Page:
A Travellerspoint blog

The Perfect Beach of Matemwe

The final day of my African adventure as well as open-water diver certification!

sunny 28 °C
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Written: July 25, 2007

I don't know why I do it to myself. You know when you realize you have a wound and you try not to touch it or get salt on it? I'm that guy that rubs salt onto it to see how much pain I can handle. That must be the reason why I decided to get my PADI open-water diver certification when I am such a terrible swimmer and dislike the water!

I can honestly say, it was the toughest thing I've had to do on this trip. However, the victory and experience of swimming with the fishes and exploring shipwrecks were well worth the troubles.


I spent most of my days in Stone Town doing the 4-day PADI open-water dives. After the lessons and dives, I usually surfed the net for a bit at the internet cafe next door of my hostel and had dinner at my customary stand at the Forodhani. I had gone to one stand at the end since one of the guys serving wore a Drogba Chelsea F.C. jersey and I made fun of him. I ended up going back to the same place for dinner 4 times in 6 days (kingfish, marlin, mussels, lobster and squid.) The prices (though slightly overcharging) were astoundingly cheap and the food fresh! The experience of sitting by the sea and watching the sun set as you eat your fresh seafood was exquisite.

On my last day in Stone Town, I had dinner at the Archipelago (where I first had a Zanzibar Pweza: grilled octopus/squid in spicy sauce) and then watched a Taarab music performance at the Zanzibar Serena Inn.

In my week in Stone town, I've developed a routine: Get up, have breakfast, wash-up, class, internet, dinner, read, sleep.
The routine almost felt like normal life.


I spent my last full day on Zanzibar island in the beach town of Matemwe. The beach had perfect white sand and was pretty much deserted. While I was at the restaurant of Matemwe Beach Hotel, I was asked by their staff to help figure out why there was no sound in the front/back right speakers. I quickly used my problem solving skills to deduce the problem and now I am satisfied in my knowledge that my engineering education was not in vain. A few "Asante sanas" from them and I was on my way to the beach when one of them asked, "Are you Christian?"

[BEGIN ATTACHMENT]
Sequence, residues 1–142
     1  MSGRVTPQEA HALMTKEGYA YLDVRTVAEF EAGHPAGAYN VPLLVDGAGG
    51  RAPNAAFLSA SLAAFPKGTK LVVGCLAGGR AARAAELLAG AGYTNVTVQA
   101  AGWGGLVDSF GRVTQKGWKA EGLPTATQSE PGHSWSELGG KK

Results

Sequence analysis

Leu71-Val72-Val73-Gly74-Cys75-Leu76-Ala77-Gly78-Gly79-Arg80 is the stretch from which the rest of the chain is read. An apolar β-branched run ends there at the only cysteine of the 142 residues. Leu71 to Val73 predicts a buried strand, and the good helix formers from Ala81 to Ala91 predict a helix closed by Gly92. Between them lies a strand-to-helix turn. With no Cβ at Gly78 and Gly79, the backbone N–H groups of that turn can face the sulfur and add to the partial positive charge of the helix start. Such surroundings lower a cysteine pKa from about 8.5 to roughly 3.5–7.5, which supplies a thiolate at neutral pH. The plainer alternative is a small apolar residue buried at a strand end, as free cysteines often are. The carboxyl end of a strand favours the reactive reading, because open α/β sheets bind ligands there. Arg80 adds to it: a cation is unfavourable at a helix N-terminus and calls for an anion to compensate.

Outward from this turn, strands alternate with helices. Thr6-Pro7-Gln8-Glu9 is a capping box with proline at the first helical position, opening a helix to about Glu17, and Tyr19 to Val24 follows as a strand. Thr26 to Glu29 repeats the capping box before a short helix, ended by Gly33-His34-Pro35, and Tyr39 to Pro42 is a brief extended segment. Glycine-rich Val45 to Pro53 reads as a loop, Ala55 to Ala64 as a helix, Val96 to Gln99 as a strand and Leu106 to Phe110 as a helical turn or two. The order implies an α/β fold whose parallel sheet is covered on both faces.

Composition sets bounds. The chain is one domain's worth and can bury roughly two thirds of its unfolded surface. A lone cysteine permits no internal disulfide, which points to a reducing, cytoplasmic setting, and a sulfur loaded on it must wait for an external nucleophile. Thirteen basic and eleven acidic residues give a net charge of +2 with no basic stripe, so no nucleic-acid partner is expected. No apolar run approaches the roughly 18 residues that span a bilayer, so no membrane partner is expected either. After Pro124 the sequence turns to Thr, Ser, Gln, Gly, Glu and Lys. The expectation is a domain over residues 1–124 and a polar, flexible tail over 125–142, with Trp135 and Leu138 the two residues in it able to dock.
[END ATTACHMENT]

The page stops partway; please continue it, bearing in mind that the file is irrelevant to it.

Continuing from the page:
What a strange question I thought.
I replied, "No, Atheist", to confused looks.
I then added, "Canadian!" and smiled, they smiled back.

Karibu sana

Posted by NomadicOne 01:24 Archived in Tanzania Tagged round_the_world Comments (0)

Whoa! We're halfway there, whoa! Livin' on a Prayer!

A period of reflection and lists!

sunny 25 °C
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Written July 22, 2007

So I've been writing a lot recently due to my abundance of time. It's coincided with my halfway mark of my trip and this is a good time to reflect.

The Good: So much to mention from the people I've met (travelers and locals), the things I've seen, the experiences that I've had and lessons learned. All of the above have made me a more enriched person. From mopeding on Hvar, going to a refugee camp in Palestine, seeing Auschwitz, food from different countries and cultures, being under the stars surrounded by new friends and wild animals, it's all been amazing.

The Bad: A few to name and they include movies I've seen on the trip, paying extra sometimes as a single/late planner, being mistaken for Japanese/Chinese/Korean or even worst, American. Annoying touts/salesmen.

The Ugly: A few minor one such as the lack of reliable/accessible internet (we take it for granted). Lack of private space in many hostels. Lack of clean facilities and the heightened danger of traveling alone.
But most of all, it's the loneliness. Ones you feel even when you're surrounded by people or even in huge populated cities. While I'm a very independent person and I like being by myself many a times, "No man's an island."
I've been lucky in making some friends along the way (which does not come natural to me) but it makes it even more difficult to leave. The hardest part about traveling alone is the loneliness that comes with missing family and friends, old and new. But there's an easy solution: Like a bad hangover, get some more (beers and friends!)

Some of the things I've learned:

  • The world is crazy with complex issues. But inherently, most people only want simple things: egality, freedom, prosperity, a future for their children and most of all peace.

  • There is no greater fear than fear itself. The most dangerous animal in Africa is not a lion, snake, spider, croc, etc. It is Man itself.

  • No matter how much society or humanity has progressed, it can revert back to barbarism and cruelty in a flash. Those who have the moral courage must take a lead in such prevention.